“The referee’s…dealing with two different football cultures,” Tyldesley commented, as Colombian complaints continued. To which culture did he think Maguire belonged, then? And how many non-English voices screamed “**** off” at their telly during this rank professional dishonesty from English commentators?
After the match, even Neville was letting some true feelings slip. “It’s brilliant to see an opposition team suffering,” he said over pictures of despairing Colombians, as Ian Wright snorted with laughter. “I’m not saying that in a nasty way,” he added, fractionally too late. Yes, they and fellow-pundit Lee Dixon took great pains not to look beyond Sweden. But you could almost smell the effort. And the fact that England, even allowing for all Colombia’s crap, played poorly was airbrushed from history.
My sporting focus on July 7th at 3pm, was on another sport, supporting a team in blue-and-yellow that wasn’t Sweden. But, from what I read, England were outstanding, winning at something approaching a canter. ‘It,’ almost everyone seemed to now agree, could really be “coming home.” Then I read that England keeper Jordan Pickford was man-of-the-match. And something didn’t add up.
Having watched the game, I realised that it wasn’t quite the cakewalk twitter had promised. But I saw too how much more convincing England were than at any quarter-final I could remember. Even those they won. The grisly battle with Antonio Rattin’s Argentina in 1966. The momentary prospect of a new world football order after Cameroon went 2-1 up against England in 1990 and could/should have made it 3-1. The nervy 0-0 draw and shoot-out win over Spain in 1996.
Every semi-finalist, however flat their road there, has a right to dream of the final. But despite all the then-recent fuss about it, England being in the ‘easy side of the draw’ was largely forgotten. Ian, again, tweeted perfectly, noting during the France/Belgium semi-final that “both of these teams are so good they should (almost) be a separate weight, like in boxing, to England.”
I certainly felt as if I was watching two separate competitions, with England in some sort of ‘repechage’ (another bl**dy French word). Croatia/England was by yards the best game of the ‘easy side.’ But, in the last 16, Belgium/Japan v. Switzerland/Sweden? France/Argentina alongside Croatia/Denmark? Brazil/Mexico against Colombia/England? Uruguay/Portugal compared to Russia/Spain? Among the quarter-finals too, Brazil/Belgium was demonstrably the best, Russia/Croatia demonstrably the worst.
Yet, my twitter feed was swamped with England fans lacking various degrees of gorm, baying you-know-what. And the confidence was getting nasty. One facebook ‘friend’ happily considered “the unbearable pain this is causing the sour, chip-on-the-shoulder sweaties, paddies and taffs.” Another posted “England winning the World Cup or seeing that prick no longer breathing…now that’s a tough choice, wouldn’t you say?” This was his reaction to Diego Maradona taking ill at Argentina’s vital group game with Nigeria.
“Why can’t an Irishman want England to win the World Cup?” a wise man named Joe Horgan asked in his regular column in the ‘Irish Post’ newspaper. “I want England to win the World Cup.” His (sound) reasoning was: “Gone are the bling, arrogant English with their air of superiority. In their place is a humble, racially-mixed team captained by a man whose family are from Galway.”
Of course, an Irishman CAN want England to win the World Cup. Although an Irish friend was ‘caught’ considering “our chances” outside our Catholic church after the Sweden game, the disapproving noises from attendant Scots and this second-generation Irishman weren’t serious.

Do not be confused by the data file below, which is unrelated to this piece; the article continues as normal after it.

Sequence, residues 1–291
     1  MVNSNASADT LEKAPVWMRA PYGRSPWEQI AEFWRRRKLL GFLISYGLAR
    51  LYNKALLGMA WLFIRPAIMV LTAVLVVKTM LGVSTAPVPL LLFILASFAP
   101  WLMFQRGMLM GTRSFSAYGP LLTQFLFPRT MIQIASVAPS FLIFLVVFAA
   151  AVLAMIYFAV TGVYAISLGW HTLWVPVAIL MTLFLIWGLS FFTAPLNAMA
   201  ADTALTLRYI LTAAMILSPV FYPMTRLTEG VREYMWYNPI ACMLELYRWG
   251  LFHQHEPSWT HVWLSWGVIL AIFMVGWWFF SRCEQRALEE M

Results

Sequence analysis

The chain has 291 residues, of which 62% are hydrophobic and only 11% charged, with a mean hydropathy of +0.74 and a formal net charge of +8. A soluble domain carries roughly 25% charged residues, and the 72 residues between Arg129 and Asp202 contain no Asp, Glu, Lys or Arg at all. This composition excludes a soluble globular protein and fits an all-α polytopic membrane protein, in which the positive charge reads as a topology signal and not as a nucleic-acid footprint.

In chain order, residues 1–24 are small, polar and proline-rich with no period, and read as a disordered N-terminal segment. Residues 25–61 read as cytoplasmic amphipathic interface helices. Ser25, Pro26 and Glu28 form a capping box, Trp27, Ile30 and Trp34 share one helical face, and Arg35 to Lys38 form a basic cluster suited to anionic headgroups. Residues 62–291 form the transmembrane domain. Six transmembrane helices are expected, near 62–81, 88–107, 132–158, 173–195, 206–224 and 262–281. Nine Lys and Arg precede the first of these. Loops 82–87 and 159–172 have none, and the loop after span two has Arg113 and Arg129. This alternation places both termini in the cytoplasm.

Yet Horgan thought it puzzling for someone to “love English football clubs, watch Coronation Street and Eastenders, be fascinated by the Royal Family but hate England’s football team.” This dismally equated not wanting England to win with hating England. It all-but-said that if you didn’t want England to win, you were wrong.
In this, Horgan pre-empted the attitude of more and more English fans before the semi-final, often aggressively manifested, as I found out two evenings after the Sweden game, when my neighbour asked why I was “f***ing wearing that yellow s**t,” pointing at my primrose-and-blue Roscommon Gaelic Football shirt.
Other manifestations of English loss of plot, such as “Waistcoat Wednesday” and renaming Southgate tube station Gareth Southgate for a bit, were harmless fun. But suggestions that ‘Sir Gareth Southgate’ should be a thing were becoming a thing. Reasonable, if you think the honours system is reasonable, for a World Cup-winning manager. Crackpot for a losing semi-finalist, however dapper his waistcoat.
And ITV’s build-up to the Croatia game pushed me to the limit. Southgate’s ability to make Lee Dixon feel calm was portrayed as almost messianic. And the ‘celebrity’ good wishes, Ricky Gervais apart, were painful viewing, with Joanna Lumley’s mockney “cam on, layyyds” even making my telly cringe. The game, meanwhile. Well, Ian covered it here last week. And I couldn’t possibly top his efforts.
The post-match spat between Wright and Roy Keane was great telly, but codswallop debate. Keane was right about some people “getting carried away” and “planning the parades for the final.” But Wright was only getting as ‘carried away’ as any true fan. However, the enduring image was Wright childishly taking the p*ss out of Keane’s Cork accent, egged-on as childishly by Neville. ‘Anyone-but-England,’ explained in an instant.
With football gone on its holibobs again, reasoned assessment of England returned. And signs are good. Possibly the only crimp on England’s 2022 prospects is the finals being in bloody Qatar. The 2022 edition will be in November/December. But Qatari Novembers aren’t English ones, however quickly man-made climate change over the next 52 months might converge northern European and west Asian climates.
The next generation is already emergent. The pathway from under-17 and under-20 to senior teams isn’t as well-laid as that in, say, Gaelic sports, even for world champions at both levels. But the gaps in quality evident in Russia could, perhaps should, be filled from these underage ranks.
But, for now, England did pretty well in the World Cup finals. And…er…that’s still it.